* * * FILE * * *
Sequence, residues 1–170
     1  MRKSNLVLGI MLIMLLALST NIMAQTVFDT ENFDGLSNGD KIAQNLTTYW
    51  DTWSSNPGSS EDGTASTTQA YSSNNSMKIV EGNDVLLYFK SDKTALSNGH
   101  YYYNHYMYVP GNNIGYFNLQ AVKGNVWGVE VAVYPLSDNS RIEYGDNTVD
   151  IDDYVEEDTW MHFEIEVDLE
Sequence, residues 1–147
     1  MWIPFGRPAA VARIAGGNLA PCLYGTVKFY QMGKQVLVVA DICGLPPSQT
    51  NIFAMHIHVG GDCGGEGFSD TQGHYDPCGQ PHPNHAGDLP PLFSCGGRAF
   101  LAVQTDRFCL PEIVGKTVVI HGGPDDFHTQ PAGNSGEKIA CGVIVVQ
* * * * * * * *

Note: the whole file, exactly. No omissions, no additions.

Sequence, residues 1–170
     1  MRKSNLVLGI MLIMLLALST NIMAQTVFDT ENFDGLSNGD KIAQNLTTYW
    51  DTWSSNPGSS EDGTASTTQA YSSNNSMKIV EGNDVLLYFK SDKTALSNGH
   101  YYYNHYMYVP GNNIGYFNLQ AVKGNVWGVE VAVYPLSDNS RIEYGDNTVD
   151  IDDYVEEDTW MHFEIEVDLE
Sequence, residues 1–147
     1  MWIPFGRPAA VARIAGGNLA PCLYGTVKFY QMGKQVLVVA DICGLPPSQT
    51  NIFAMHIHVG GDCGGEGFSD TQGHYDPCGQ PHPNHAGDLP PLFSCGGRAF
   101  LAVQTDRFCL PEIVGKTVVI HGGPDDFHTQ PAGNSGEKIA CGVIVVQ